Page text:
that  its  upper-left  corner is at starty, startx.  It does not change
       the position of the panel in the stack.  Be sure to use this  function,
       not mvwin(3x), to move a panel window.


       new_panel(win)  allocates  a  PANEL  structure, associates it with win,
       places the panel on the top of the stack (causes  it  to  be  displayed
       above any other panel) and returns a pointer to the new panel.


       panel_above(pan)  returns  a  pointer  to  the panel above pan.  If the
       panel argument is "(PANEL *)0", it returns  a  pointer  to  the  bottom
       panel in the stack.


       panel_below(pan) returns a pointer to the panel just below pan.  If the
       panel argument is "(PANEL *)0", it returns a pointer to the  top  panel
       in the stack.


       panel_hidden(pan) returns FALSE if the panel pan is in the panel stack,
       and TRUE if it is not.  If the panel is a null pointer, it returns ERR.


       panel_userptr(pan) returns the user pointer for a given panel pan.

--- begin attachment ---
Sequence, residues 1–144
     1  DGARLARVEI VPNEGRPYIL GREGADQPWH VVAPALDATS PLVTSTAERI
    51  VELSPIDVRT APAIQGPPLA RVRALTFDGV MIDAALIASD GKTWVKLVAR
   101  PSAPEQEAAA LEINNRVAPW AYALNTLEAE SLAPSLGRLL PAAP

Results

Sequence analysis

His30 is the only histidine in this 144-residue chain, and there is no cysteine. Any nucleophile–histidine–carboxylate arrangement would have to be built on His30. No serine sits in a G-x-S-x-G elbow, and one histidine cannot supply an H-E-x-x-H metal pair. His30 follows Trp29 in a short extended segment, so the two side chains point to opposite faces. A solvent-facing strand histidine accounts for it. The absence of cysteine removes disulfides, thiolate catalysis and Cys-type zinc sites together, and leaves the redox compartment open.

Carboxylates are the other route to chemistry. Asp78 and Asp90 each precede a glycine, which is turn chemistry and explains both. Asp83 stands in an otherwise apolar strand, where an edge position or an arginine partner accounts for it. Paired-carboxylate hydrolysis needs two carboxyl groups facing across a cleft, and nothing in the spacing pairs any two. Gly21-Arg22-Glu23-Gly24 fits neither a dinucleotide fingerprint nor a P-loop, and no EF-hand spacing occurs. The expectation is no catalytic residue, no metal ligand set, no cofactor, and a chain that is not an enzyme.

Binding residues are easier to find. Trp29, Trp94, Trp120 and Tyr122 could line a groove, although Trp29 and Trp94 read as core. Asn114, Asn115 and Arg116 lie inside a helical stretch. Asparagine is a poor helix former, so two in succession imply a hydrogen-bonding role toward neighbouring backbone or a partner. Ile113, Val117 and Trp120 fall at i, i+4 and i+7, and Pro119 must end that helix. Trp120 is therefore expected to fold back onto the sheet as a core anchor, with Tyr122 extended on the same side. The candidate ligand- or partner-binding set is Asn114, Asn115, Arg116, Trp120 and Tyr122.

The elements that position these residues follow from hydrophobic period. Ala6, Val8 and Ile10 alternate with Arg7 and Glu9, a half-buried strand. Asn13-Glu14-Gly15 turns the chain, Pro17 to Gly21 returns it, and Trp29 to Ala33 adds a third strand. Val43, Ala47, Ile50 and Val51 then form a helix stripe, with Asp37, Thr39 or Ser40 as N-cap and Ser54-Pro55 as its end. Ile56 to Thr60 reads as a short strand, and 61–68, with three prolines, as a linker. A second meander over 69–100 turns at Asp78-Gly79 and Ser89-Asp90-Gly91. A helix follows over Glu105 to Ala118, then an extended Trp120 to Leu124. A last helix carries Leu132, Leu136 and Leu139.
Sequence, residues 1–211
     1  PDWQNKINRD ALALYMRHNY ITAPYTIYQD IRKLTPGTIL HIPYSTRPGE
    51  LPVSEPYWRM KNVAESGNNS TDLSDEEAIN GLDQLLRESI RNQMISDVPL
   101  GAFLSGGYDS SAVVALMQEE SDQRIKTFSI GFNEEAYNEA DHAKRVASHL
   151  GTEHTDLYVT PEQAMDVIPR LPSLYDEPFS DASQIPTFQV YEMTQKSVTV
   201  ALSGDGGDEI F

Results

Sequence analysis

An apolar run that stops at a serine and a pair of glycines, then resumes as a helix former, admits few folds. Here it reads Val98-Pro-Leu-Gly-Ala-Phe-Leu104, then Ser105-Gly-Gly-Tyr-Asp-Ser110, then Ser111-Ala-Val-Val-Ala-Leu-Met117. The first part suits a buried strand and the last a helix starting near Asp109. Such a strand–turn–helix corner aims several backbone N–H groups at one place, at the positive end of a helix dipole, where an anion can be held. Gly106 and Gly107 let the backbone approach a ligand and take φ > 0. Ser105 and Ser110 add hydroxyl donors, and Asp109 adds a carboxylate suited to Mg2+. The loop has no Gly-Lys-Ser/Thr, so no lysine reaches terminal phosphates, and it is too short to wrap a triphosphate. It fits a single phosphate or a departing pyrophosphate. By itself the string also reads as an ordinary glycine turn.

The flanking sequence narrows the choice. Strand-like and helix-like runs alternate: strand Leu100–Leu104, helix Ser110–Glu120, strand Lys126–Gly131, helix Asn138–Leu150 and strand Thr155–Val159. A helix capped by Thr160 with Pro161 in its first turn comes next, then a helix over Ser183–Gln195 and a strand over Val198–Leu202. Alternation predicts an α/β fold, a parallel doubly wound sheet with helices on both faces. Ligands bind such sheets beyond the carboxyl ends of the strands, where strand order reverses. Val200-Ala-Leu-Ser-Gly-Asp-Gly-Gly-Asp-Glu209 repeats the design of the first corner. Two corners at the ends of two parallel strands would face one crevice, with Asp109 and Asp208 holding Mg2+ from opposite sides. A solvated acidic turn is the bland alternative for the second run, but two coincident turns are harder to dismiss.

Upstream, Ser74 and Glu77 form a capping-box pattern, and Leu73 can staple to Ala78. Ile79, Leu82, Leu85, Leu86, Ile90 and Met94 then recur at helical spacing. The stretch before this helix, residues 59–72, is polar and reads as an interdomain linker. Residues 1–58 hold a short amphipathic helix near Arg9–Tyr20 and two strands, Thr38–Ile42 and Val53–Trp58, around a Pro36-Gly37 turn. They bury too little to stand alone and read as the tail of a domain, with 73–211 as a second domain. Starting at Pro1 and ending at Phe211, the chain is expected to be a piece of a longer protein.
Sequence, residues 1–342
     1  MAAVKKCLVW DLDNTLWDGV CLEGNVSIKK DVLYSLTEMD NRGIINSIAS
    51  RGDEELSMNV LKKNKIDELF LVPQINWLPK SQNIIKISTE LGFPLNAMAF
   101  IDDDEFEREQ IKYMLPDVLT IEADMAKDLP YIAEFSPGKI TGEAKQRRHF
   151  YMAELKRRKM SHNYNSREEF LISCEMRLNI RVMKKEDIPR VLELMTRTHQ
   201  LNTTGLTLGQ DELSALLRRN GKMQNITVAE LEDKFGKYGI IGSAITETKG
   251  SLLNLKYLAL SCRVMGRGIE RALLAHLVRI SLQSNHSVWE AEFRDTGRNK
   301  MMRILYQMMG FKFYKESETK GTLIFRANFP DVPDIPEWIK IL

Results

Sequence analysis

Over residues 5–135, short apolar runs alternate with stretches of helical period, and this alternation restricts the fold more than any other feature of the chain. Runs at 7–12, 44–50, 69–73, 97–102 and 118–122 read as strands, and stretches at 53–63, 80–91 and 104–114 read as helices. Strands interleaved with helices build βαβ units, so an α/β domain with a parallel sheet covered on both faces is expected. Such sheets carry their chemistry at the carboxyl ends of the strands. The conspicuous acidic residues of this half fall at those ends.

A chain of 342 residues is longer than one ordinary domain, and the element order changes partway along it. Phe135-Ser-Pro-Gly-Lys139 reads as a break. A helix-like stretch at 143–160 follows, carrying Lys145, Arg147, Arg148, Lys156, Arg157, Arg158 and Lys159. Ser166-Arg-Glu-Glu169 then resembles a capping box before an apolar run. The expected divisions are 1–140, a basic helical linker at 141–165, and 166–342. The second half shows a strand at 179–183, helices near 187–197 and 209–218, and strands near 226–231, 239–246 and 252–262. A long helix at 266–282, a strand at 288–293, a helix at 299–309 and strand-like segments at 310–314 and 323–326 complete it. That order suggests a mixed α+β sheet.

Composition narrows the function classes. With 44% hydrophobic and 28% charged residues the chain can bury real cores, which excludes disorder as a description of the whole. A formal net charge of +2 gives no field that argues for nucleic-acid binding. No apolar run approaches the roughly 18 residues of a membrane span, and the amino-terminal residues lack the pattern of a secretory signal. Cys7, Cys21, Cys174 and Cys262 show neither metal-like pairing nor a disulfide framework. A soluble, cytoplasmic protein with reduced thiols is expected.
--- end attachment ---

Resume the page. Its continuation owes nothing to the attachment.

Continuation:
panel_window(pan) returns a pointer to the window of  the  given  panel


       replace_panel(pan,  window)  replaces  the  current window of panel pan
       with window This is useful if, for example, you want to resize a panel.
       In ncurses, you can call replace_panel to resize a panel using a window
       resized with wresize(3x).  It does not change the position of the panel
       in the stack.


       set_panel_userptr(pan, ptr) sets the panel's user pointer.


       show_panel(pan)  makes  a  hidden panel visible by placing it on top of
       the panels in the panel stack.  See "PORTABILITY" below.


       top_panel(pan) puts the given visible panel pan on top of all panels in
       the stack.  See "PORTABILITY" below.


       update_panels()  refreshes  the virtual screen to reflect the relations
       between the panels in the stack, but  does  not  call  doupdate(3x)  to
       refresh the physical screen.  Use this function and not wrefresh(3x) or

       update_panels may be called more than once before a call  to  doupdate,
       but  doupdate  is  the  function  responsible for updating the physical


       Each routine that returns a pointer returns NULL if  an  error  occurs.
       Each  routine  that  returns  an  int  value  returns OK if it executes
       successfully and ERR if not.

       Except as noted, the pan and window parameters must  be  non-null.   If